Since there are two separate transistors on the chip, polysilicon layer portions 45 and 46 are each segmented into two parts corresponding to parts 15 and 17 of the chip area (i.e., transistor T1 and T2). This defines separate gate nodes G1 and G2 and separate source nodes S1 and S2. A metal layer 37 is formed on the bottom surface of the substrate to form a drain electrode D common to all cells of the device.
FIG. 2B shows a simplified top view of a typical cell layout. The solid octagon denotes the opening in the gate polysilicon layer while the dashed lines show channel region 37 under the gate (bounded by the p-well boundary and the source region boundary). This particular type of cell has the n+ source region formed so that the body portion contacts the epi surface in two regions (denoted by solid rectangles). The contact opening for the source/body contact extends over both these regions and the intermediate n+ region. This type of cell is described in U.S. Pat. No. 4,860,072, issued Aug. 22, 1989.
The fabrication process for n-channel devices may be briefly outlined as follows:
(1) Provide an n+ substrate.
(2) Grow n- epitaxial layer.
(3) Grow localized field oxide to define peripheral non-active areas of the chip.
(4) Deposit gate oxide.
(5) Deposit polysilicon over gate oxide.
(6) Create openings in the polysilicon and gate oxide to define the cells.
(7) Implant p-type dopants aligned to polysilicon openings.
(8) Implant p+ regions within the openings (non-critical alignment).
(9) Diffuse to form p-well (body).
(10) Mask at least portions of p+ diffusion and implant n+.
(11) Diffuse to form source regions and channel regions.
(12) Deposit CVD oxide over wafer.
(13) Etch poly contacts and source/body contacts.
(14) Deposit metal layer.
(15) Etch metal layer to define gate electrodes and source/body electrodes.
The process can be used to make either MOSFETs or IGBTs. The process outlines above is for MOSFETs. IGBTs could be made by a similar process modified by providing a p+ substrate and then optionally doping the upper portion of the p+ substrate n+ prior to growing the n- epitaxial layer.
FIG. 3A is an equivalent circuit schematic of chip 10 when fabricated as a MOSFET. The cells in main transistor T1 are connected in parallel with their gates commonly connected to define a main transistor gate node G1, and their sources commonly connected to define a main transistor source node S1. Similarly, the cells in sense transistor T2 have their gates commonly connected to define a sense transistor gate node G2, and their sources commonly connected to define a sense transistor source node S2. The cells of each of the main and sense transistors have their drains commonly connected to define a common drain node D.
A resistor R is connected between source nodes S1 and S2. The resistor has a value on the order of 100Ω to 10K, which is generally less than the on-resistance of the sense transistor. The resistor is shown in phantom since it may be integrated onto the chip, or provided as an external circuit element. In either event, chip 20 has five external pins.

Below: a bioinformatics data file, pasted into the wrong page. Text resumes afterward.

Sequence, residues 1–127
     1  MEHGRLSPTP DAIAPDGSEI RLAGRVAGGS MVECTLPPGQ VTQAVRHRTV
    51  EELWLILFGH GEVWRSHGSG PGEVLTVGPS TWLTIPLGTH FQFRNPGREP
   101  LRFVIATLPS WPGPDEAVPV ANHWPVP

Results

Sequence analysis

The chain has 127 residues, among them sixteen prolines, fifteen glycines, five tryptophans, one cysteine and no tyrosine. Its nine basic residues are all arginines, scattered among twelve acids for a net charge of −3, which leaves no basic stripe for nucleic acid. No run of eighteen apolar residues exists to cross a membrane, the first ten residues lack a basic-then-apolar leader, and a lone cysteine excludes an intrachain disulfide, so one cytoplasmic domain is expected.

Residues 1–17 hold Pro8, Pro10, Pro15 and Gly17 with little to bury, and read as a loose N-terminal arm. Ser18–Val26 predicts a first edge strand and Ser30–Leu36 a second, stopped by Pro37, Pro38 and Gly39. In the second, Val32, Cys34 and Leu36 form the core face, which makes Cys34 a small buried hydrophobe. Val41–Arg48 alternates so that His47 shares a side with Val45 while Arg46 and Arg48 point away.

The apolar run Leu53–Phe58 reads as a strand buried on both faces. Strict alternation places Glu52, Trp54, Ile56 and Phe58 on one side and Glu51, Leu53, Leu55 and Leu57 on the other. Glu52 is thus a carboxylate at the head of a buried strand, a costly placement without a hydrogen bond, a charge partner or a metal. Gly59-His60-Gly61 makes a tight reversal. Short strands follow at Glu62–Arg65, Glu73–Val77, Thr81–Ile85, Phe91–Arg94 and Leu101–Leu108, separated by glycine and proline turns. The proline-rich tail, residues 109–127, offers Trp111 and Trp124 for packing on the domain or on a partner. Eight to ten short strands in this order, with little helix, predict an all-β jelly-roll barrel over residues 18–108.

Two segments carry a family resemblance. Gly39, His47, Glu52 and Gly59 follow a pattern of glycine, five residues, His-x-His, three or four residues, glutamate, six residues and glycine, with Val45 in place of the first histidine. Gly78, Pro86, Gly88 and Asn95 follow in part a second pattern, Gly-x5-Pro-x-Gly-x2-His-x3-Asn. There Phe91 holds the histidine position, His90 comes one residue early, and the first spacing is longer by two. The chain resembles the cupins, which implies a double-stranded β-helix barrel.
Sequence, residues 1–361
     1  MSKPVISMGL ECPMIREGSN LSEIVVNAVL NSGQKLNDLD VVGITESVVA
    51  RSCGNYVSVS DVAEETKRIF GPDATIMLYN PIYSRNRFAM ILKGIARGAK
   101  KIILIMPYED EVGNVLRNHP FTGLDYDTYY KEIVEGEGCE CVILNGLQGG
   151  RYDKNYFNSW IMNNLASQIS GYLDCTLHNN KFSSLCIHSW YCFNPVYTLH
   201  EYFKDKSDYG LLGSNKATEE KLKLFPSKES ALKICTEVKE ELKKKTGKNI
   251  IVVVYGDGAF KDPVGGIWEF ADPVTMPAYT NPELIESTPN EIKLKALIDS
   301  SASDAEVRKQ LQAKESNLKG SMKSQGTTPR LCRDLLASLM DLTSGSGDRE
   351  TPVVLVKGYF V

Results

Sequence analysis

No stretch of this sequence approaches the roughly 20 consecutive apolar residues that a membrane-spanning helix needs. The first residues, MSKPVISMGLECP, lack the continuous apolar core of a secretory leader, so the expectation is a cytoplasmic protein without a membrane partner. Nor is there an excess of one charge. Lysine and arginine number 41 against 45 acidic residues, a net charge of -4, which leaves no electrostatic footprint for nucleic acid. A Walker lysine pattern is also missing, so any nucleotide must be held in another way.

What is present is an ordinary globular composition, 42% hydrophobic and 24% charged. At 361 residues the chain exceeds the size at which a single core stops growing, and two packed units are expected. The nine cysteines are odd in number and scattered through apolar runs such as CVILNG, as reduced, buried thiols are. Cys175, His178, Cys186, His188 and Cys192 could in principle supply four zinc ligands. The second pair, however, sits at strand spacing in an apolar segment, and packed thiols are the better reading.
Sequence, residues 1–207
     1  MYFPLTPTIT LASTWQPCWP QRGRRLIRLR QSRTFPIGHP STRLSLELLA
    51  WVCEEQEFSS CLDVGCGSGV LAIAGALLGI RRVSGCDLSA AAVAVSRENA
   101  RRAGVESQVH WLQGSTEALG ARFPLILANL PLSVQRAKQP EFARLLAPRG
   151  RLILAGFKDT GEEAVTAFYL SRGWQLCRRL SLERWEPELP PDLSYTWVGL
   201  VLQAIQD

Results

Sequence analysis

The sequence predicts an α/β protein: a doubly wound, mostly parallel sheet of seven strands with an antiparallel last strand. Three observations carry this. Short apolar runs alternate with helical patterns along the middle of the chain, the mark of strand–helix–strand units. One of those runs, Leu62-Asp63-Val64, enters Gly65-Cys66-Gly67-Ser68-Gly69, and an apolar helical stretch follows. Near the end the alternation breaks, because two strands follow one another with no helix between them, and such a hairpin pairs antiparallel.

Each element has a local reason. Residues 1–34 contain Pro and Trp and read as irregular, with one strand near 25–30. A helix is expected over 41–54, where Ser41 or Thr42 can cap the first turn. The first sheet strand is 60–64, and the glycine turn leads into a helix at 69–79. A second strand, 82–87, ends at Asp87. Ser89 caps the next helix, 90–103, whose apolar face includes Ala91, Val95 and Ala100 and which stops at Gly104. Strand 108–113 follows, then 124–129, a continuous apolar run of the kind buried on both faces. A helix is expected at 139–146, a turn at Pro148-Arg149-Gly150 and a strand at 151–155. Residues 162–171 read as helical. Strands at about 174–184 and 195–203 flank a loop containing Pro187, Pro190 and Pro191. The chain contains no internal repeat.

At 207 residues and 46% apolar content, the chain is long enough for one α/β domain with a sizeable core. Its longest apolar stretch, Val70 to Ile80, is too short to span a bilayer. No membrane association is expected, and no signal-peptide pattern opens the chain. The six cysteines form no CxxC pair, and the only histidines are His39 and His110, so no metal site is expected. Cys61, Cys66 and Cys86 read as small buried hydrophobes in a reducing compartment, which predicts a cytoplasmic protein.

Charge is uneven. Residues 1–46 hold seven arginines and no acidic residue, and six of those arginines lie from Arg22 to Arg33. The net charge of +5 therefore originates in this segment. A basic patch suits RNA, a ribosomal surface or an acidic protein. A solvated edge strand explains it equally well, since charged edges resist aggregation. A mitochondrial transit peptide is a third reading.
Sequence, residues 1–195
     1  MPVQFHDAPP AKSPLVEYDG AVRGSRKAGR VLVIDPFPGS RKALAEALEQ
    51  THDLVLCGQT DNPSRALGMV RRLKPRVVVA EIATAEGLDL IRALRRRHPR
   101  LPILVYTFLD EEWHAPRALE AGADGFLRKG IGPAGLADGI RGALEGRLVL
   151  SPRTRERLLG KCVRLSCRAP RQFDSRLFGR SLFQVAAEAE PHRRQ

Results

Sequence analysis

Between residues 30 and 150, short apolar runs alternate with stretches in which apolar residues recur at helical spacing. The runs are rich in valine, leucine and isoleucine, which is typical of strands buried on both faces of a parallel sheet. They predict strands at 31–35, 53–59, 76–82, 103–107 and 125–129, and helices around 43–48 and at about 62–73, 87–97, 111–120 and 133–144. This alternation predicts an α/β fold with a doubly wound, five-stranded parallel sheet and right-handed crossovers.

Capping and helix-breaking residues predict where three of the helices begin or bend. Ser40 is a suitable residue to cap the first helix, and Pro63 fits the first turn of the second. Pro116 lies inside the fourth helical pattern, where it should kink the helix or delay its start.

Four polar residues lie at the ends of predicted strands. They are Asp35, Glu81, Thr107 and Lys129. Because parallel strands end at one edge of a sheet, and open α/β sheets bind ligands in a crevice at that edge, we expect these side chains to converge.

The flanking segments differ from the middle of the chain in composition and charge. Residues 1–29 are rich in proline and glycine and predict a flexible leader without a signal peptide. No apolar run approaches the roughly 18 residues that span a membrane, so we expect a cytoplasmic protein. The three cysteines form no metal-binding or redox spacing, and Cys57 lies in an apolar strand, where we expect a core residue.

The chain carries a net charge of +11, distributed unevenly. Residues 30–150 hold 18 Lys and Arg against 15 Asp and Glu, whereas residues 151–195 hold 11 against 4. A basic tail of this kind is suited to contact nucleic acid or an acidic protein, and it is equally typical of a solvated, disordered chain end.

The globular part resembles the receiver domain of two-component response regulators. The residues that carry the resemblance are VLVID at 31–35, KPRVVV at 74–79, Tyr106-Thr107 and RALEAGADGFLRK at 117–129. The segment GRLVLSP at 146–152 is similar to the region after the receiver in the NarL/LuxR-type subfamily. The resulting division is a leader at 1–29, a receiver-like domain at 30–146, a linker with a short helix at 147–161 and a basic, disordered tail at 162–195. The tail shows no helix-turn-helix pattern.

FIG. 3B is an equivalent circuit schematic of the chip, designated 10' when fabricated as a power IGBT. In this configuration, there is a common collector node C corresponding to the substrate, a main transistor gate node G1, a main transistor emitter or source node S1, a sense transistor gate node G2, and a sense transistor emitter or source node S2. As before, a resistor R between the two source nodes may be provided on-chip or off-chip.
FIG. 4 shows the MOSFET embodiment in combination with a load 50, a power supply 52, and external temperature sensing circuitry. Load 50 is connected between the high voltage terminal of the power supply and common drain terminal D. To the extent that resistor R is not provided on chip, it is connected externally between main transistor source node S1 and sense transistor source node S2. Source node S1 is grounded.
An operational amplifier 60 is connected with its non-inverting input terminal held at a reference voltage Vref, its inverting input terminal coupled to source node S2, and its output terminal coupled to sense transistor gate node G2. Thus, sense transistor is connected in a current source configuration with amplifier 60 providing feedback to guarantee that the current through sense transistor T2 is maintained very near (Vref /R).
It is property of MOSFETs and IGBTs that the gate voltage (relative to the source) needed to sustain a given current through the device goes down with temperature at a rate typically on the order of 5 mv/°C. The actual coefficient depends primarily on the process details and specific device structure, and to a lesser extent on the given current. Thus, the gate voltage required to maintain this current is a known function of temperature, and a measurement of this voltage provides a measurement of the temperature. A resistor R' having a high value (say 50 KΩ to 1 MΩ) may be coupled between gate node G2 and ground to ensure that the sense transistor is off when no signal is presented at its gate.